What We Can Offer
For every fellow accepted into the program, we can offer:
- $500-1000 per project based on team size and resources needed for the project
- Publication on our website AND with one of our media partners
- Membership in a community of fellows and CAiT members and contributors; optional virtual workshops for providing feedback and reviewing pieces
The fellowship will run from March 15th to June 15th, 2021. Fellows will be required to attend a minimum of two Zoom meetings to meet other recipients and to offer a brief description of their work. For those who are interested, there are opportunities to become further involved with our larger project. We are planning to recruit 3-6 fellows for this year’s program.
How To Apply
Our Media Partners
Every fellow will be matched with a media partner that best represents the scope of their story within the first few weeks of the fellowship. Media partners commit to providing feedback on a piece of content as it is being researched and produced. At the end of this process, your piece will be published on our website and through the media partner to ensure it reaches a wide audience.
Please note, we cannot guarantee you publication with any particular media partner. We have chosen to partner with a range of publications in order to provide several potential outlets for the diverse applications we hope to receive. Final publication decisions are made by the media partners.All pieces will be published on the Collective Action in Tech website and shared through our social media. In addition, all publications will be referenced and linked in a capsule essay for the Jain Family Institute’s Phenomenal World blog.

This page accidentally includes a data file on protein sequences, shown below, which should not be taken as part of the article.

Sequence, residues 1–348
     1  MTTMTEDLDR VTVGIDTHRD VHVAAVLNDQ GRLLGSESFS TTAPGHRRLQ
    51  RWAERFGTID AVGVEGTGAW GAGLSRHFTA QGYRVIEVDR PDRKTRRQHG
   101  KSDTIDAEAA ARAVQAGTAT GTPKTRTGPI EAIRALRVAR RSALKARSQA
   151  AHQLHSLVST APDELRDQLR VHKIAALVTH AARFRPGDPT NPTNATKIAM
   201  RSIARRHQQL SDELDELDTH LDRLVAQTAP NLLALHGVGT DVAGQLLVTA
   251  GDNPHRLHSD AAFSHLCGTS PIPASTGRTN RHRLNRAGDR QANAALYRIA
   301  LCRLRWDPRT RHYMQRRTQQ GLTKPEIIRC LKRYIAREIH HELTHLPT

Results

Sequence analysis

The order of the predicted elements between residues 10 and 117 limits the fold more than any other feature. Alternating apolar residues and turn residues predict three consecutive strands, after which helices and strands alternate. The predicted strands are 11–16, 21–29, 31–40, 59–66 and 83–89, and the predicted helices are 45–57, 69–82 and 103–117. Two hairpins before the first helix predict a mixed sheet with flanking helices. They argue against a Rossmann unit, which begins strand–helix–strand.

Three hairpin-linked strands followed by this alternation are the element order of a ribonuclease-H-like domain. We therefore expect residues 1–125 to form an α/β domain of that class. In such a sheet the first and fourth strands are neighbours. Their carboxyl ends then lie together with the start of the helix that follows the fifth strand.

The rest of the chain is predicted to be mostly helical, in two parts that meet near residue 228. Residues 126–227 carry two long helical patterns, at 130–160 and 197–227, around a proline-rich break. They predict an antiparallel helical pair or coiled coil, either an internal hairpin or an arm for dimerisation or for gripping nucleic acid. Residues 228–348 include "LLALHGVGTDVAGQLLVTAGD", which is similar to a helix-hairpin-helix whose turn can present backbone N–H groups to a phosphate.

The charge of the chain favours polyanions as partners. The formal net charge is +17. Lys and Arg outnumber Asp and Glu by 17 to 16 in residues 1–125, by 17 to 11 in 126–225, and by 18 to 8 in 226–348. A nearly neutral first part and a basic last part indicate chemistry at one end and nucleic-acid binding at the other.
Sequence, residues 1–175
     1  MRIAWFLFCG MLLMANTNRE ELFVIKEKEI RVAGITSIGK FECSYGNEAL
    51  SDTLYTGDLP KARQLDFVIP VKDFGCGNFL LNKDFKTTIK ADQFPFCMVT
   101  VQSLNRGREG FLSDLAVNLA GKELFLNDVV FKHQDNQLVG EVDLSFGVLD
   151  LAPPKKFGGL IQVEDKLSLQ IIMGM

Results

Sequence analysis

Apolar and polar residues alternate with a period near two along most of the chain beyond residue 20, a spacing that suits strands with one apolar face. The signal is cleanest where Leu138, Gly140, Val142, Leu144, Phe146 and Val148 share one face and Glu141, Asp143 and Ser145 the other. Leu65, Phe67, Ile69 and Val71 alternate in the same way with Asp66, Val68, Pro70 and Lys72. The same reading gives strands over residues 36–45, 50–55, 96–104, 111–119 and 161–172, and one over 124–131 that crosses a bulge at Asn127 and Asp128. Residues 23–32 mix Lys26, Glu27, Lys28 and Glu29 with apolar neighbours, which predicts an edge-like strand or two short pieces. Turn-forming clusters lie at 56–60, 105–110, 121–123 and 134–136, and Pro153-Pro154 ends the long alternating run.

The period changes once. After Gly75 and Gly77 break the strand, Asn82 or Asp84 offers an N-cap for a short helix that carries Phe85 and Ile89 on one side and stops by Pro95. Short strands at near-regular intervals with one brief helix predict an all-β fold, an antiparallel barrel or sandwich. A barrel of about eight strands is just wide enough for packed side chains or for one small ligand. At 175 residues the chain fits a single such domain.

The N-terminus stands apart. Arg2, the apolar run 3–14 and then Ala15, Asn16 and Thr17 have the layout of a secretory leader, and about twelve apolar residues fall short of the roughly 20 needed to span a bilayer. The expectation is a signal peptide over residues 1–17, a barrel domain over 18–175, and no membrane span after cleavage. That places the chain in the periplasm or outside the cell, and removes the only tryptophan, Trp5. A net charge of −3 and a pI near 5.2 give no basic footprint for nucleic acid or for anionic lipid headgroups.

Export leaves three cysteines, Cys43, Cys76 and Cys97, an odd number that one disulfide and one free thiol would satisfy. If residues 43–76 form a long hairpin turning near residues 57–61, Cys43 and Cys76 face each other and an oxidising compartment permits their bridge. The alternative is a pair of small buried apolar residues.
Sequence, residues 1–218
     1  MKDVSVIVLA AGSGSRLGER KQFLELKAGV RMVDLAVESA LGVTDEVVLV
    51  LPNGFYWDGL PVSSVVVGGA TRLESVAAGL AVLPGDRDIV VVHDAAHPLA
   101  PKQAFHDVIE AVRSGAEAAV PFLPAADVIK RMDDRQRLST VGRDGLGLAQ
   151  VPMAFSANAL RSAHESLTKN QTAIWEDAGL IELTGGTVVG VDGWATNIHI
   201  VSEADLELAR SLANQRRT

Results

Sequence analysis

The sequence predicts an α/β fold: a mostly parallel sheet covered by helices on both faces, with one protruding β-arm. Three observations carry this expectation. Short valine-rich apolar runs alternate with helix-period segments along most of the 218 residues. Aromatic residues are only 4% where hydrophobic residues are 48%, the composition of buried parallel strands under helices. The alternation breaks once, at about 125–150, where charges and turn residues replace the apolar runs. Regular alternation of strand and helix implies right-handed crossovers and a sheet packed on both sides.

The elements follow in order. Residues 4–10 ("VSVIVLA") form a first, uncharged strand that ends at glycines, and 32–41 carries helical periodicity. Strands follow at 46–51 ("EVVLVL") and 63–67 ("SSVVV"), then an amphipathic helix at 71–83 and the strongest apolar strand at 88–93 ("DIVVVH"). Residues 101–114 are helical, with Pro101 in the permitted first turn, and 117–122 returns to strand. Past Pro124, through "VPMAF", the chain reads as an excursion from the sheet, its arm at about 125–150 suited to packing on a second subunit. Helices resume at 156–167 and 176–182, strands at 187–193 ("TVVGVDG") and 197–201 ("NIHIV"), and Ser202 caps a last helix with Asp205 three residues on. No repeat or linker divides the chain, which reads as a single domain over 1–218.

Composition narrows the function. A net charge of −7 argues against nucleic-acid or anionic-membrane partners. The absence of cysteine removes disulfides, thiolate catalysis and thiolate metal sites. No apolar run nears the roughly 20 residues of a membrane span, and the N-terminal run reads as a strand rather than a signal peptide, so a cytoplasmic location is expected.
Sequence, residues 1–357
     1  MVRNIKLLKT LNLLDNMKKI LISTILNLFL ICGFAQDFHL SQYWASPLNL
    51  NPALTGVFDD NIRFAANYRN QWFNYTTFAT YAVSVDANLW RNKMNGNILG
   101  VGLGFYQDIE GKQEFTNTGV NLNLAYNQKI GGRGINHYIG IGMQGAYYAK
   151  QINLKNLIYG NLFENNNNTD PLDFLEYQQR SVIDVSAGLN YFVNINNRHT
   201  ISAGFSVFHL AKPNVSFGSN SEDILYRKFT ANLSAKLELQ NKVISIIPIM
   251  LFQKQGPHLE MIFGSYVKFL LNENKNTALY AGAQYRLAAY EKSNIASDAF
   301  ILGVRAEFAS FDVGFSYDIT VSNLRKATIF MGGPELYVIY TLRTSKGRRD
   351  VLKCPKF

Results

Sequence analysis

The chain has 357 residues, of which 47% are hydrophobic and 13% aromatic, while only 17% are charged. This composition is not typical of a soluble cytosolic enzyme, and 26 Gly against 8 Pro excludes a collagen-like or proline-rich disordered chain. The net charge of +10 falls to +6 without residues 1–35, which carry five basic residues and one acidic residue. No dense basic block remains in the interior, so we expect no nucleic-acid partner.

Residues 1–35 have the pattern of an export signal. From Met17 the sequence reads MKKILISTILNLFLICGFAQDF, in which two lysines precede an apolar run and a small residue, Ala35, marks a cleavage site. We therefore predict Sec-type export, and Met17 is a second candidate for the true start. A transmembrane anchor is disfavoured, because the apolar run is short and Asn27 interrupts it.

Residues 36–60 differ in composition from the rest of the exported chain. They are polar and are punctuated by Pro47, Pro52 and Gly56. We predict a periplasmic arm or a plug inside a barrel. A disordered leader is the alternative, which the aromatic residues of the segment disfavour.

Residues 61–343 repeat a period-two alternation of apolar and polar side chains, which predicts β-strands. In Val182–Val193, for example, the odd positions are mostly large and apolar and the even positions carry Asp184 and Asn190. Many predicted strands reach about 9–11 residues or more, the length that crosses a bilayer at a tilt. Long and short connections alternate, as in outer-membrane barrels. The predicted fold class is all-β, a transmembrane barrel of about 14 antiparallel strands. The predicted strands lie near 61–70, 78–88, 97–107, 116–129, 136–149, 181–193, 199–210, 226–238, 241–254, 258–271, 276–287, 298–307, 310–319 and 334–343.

Examples of Content
(A) Long-form journalism: 2,000 to 5,000 words describing an action. If the author is involved in the action or in organizing, this is explicitly mentioned in the piece, along with an explanation of how their perspective informs their view. Examples:
- Chan, Wilfred. 2020. “The Future of the Gig Economy Is on the Ballot”. The Nation. https://www.thenation.com/article/politics/prop-22-ab5-california/
- Stapleton, Claire. 2019. “Google Loved Me, Until I Pointed Out Everything That Sucked About It”. Elle. https://www.elle.com/culture/tech/a30259355/google-walkout-organizer-claire-stapleton/
(B) Activist oral histories: Transcribed and/or recorded interviews with activists involved in organizing an action. The final product should be an analytic piece combining different stories. The raw audio files and transcripts may also be added to the archive as part of the documentation for specific events. Examples:
- Redwine, Clarissa. 2020. “Kickstarter Union Oral History”. NYU Engelberg Center on Innovation Law & Policy. https://engelberg-center-live.simplecast.com/
- Nolan, Hamilton. 2020. “A Bunch of Union Organizers Explain What’s Wrong with Unions”. In These Times. https://inthesetimes.com/article/union-density-workers-organizing-staff-experts-public-enthusiasm
(C) Virtual event archives: A short narrative piece that presents an action but also prominently incorporates photo, video, and audio materials to place the bulk of the storytelling on the physical collection of artifacts. Example:
- Gomez, Filiberto Nolasco. 2020. “Thursday Night Shakopee Amazon Workers Walked Out”. Work Day Minnesota. https://workdayminnesota.org/thursday-night-shakopee-amazon-workers-walked-out-in-protest-of-worker-firing/
(D) Other: multimedia, resource toolkits, or other forms that can represent a worker struggle in the tech industry. Examples:
- Wallace, Brett. 2019. “Inside the Automation: Amazon Mechanical Turk”. http://brettwallace.com/amazon-mechanical-turk/
- CAiT. 2020. A 3-part guide for tech action against white supremacy. https://collectiveaction.tech/2020/collective-action-in-tech-for-black-lives-matter/